Dale shook his head. “That was how Craig taught me. That and letting Josh beat me on the sparring grounds for hours at a time. This life is not for the faint of heart, which I am sure you know. I’m nervous about this whole situation. Not only about going in with an untested team, but her attitude really worries me. I know that I could have handled that better but I needed to know if she would react professionally. Make no mistake, I intend for my team to be exceedingly professional.”
“I was worried about her reaction because I feel like people have either only treated her one of two ways: Giving her what she wanted and not spoken harshly to her out of pity, or given her nothing and despised her for shortcomings that are not her fault. If she could not control herself here when it was only harsh words, how could I trust that she would care what I had to say mid-battle? Her lack of experience with other people and teamwork could seriously hurt us.”
What “lack of experience with other people?” She lives with her grandmother, who owns a restaurant. Rose has no shortage of opportunity for experience with other people. Nor any shortage of opportunity to learn how to work in a team! Restaurants are run by teams! There is no reason to believe that Rose is unaccustomed to teamwork! It seems like she’s supposed to be this really sheltered person who’s eager to prove that she can stand on her own two feet, but Dale just knows this. The clues he cites only make it more obvious how unnatural the source of the information is.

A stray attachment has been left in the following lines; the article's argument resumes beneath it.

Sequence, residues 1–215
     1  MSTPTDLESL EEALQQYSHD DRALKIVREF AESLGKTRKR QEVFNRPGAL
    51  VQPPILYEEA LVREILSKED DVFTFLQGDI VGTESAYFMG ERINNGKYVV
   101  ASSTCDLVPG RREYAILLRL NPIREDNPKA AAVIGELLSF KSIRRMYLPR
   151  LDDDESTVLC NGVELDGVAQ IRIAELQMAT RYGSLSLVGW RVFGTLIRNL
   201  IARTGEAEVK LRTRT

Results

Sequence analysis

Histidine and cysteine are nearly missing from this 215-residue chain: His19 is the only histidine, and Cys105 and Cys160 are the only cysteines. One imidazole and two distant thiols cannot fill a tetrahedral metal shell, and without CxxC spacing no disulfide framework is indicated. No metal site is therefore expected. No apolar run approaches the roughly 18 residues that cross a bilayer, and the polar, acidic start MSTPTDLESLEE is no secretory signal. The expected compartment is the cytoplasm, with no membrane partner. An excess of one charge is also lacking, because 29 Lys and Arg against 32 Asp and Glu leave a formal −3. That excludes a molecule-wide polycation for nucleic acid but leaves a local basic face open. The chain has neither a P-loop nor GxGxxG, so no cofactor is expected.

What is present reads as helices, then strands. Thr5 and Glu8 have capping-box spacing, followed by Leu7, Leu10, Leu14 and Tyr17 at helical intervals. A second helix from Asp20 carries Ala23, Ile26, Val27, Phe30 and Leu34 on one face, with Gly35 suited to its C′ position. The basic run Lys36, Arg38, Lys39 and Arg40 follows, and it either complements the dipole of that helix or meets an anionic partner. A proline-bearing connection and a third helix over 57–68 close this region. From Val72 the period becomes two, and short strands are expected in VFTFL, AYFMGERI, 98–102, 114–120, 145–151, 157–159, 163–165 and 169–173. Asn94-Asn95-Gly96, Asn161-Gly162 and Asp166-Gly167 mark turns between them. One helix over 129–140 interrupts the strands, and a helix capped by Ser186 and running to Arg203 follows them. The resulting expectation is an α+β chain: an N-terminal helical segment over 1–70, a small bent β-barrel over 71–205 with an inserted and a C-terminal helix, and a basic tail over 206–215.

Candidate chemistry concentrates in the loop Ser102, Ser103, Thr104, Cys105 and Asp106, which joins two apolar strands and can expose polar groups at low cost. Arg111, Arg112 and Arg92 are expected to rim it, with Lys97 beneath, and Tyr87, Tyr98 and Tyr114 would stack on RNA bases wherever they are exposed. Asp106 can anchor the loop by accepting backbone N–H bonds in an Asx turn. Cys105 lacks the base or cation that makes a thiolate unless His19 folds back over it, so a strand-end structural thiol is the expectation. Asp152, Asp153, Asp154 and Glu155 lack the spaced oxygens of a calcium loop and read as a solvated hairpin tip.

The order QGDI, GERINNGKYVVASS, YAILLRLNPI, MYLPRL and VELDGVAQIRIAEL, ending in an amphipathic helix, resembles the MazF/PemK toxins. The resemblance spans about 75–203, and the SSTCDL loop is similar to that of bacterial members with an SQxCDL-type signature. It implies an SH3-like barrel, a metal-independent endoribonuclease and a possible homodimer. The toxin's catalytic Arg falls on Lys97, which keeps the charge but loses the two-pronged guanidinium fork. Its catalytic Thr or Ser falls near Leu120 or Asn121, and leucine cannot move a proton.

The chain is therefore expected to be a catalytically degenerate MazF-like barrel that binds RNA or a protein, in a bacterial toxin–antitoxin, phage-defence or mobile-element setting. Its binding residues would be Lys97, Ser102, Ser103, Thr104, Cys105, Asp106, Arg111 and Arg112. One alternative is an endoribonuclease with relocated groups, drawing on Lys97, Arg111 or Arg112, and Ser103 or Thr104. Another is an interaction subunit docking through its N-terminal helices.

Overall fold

That came from chapter, like…twenty-four? I’m not really keeping track anymore. Anyway, the next post will most likely also be me skipping ahead a bunch of chapters that can be summarized in like two sentences because just like nothing Dale has done up ’till now has really informed the conversation with Rose at all, I doubt any of the details I skip over will have any impact at all on whatever I next find interesting enough to bother commenting on. It’s entirely possible the next post will be the last Dungeon Born post before the wrap-up table of contents post.
Speaking of, after wrapping up Dungeon Born I will not be immediately diving into another line-by-line book review. That content is definitely the most popular on my blog so there’s very little risk of it going away permanently, however I am preparing for a Kickstarter in September which, if it’s even a little bit successful, will need some amount of attention to manage. I don’t really have any attention to spare, and right now the only things I consistently get done, the only projects I can cut into to free up some focus for that Kickstarter, are my professional GMing and my blogging. The blogging doesn’t actually make any money even though it’s getting a bit of attention, so that’s what’s going on semi-hiatus. I still plan on writing Tuesday/Friday articles and will be updating with Petals and Thorns/GM’s Guide videos on Sundays, but Monday, Wednesday, Thursday, and Saturday are probably going to get Kickstarter-related updates, if anything, until the end of September. Let’s read reviews will resume in October (you can mention suggestions for books to read on my Discord in the meantime).